Sunday 4 December 2016

IFSC high-frequency trading firm sees big gains in profitability

Simon Rowe

Published 30/10/2016 | 02:30

Susquehanna Ireland had a net cash flow of $77m, up from $4.8m in 2014.
Susquehanna Ireland had a net cash flow of $77m, up from $4.8m in 2014.

One of the world's biggest high-frequency trading firms, IFSC-based Susquehanna Ireland Limited has posted pre-tax profits of $32m (€29m) for 2015, a massive jump on its 2014 pre-tax profits of $9.5m (€8.6m).

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Susquehanna Ireland is a subsidiary of Susquehanna International Group, a global trading and investment firm headquartered in Philadelphia.

Using a combination of fast computers, high-speed data networks, and complex algorithms, Susquehanna trades securities.

Its Irish operation is sitting on a $46m (€42m) cash pile after paying a dividend of $71m in 2015. No dividend was paid out in 2014.

Susquehanna Ireland had a net cash flow of $77m, up from $4.8m in 2014.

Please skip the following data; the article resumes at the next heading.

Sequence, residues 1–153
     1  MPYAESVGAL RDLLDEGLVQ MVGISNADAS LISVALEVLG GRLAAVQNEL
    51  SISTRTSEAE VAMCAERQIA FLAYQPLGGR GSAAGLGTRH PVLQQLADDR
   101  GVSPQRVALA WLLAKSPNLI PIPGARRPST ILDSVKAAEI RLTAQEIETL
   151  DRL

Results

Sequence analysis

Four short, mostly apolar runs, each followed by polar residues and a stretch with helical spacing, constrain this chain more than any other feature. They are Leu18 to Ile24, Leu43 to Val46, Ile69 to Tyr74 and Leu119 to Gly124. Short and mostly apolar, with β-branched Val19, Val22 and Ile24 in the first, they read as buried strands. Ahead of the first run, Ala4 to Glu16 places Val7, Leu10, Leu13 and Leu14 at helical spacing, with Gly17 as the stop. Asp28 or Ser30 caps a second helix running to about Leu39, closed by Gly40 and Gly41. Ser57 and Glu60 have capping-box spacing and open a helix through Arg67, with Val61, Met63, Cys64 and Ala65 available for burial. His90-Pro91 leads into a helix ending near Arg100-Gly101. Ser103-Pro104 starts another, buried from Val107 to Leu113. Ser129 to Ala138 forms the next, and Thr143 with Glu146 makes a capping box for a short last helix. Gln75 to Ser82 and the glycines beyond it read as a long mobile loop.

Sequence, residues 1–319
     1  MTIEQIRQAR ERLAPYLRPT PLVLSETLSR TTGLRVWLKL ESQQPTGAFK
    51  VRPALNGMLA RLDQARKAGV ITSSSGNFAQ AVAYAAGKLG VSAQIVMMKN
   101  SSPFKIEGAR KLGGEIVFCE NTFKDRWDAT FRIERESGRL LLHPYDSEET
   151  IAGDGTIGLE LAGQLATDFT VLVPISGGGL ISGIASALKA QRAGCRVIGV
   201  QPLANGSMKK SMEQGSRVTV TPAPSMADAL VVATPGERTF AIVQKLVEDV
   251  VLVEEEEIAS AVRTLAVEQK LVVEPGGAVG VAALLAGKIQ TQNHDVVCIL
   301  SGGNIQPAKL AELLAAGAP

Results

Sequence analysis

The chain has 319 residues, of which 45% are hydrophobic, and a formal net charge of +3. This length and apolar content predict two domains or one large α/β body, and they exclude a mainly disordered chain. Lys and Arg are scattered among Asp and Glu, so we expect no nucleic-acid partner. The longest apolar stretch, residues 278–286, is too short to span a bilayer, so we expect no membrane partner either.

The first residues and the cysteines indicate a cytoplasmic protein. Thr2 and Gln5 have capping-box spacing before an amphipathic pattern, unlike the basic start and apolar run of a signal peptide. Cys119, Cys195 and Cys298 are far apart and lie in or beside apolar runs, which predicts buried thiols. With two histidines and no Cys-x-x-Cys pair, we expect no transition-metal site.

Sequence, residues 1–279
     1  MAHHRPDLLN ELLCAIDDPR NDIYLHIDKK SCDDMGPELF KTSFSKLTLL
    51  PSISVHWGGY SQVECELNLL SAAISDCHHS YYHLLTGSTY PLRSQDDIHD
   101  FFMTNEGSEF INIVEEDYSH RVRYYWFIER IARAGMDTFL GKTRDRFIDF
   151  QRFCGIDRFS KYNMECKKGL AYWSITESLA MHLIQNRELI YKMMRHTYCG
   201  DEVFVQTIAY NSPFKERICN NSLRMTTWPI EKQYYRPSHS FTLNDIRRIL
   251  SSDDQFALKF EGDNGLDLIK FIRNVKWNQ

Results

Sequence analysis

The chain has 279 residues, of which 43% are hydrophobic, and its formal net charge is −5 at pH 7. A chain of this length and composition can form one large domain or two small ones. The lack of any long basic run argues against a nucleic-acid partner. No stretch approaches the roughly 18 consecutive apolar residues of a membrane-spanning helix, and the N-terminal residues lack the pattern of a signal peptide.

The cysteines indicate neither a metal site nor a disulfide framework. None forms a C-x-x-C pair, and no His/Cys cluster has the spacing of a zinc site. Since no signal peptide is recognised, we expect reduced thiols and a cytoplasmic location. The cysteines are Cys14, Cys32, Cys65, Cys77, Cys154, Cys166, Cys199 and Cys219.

Its parent company Susquehanna International Group employs 1,500 staff around the world.

Ireland is fast becoming a European hub for high-frequency trading firms who bag millions on the stock market in the blink of an eye.

As well as Susquehanna, Dublin is home to two other well-known high-frequency trading firms, Virtu Financial - who moved to Dublin in 2013 with IDA support - and Geneva Ireland Financial Trading who posted an after-tax profit of €882,257 for 2015 on trading income of €20.5m and a gross profit of €7.9m. Geneva Trading bosses are sitting on a cash pile of €3.8m.

High-frequency trading has its critics who claim it causes flash crashes and brings volatility to the share market.

Its defenders say it brings liquidity to the market and has led to a massive reduction in the cost of trading.

Sunday Indo Business

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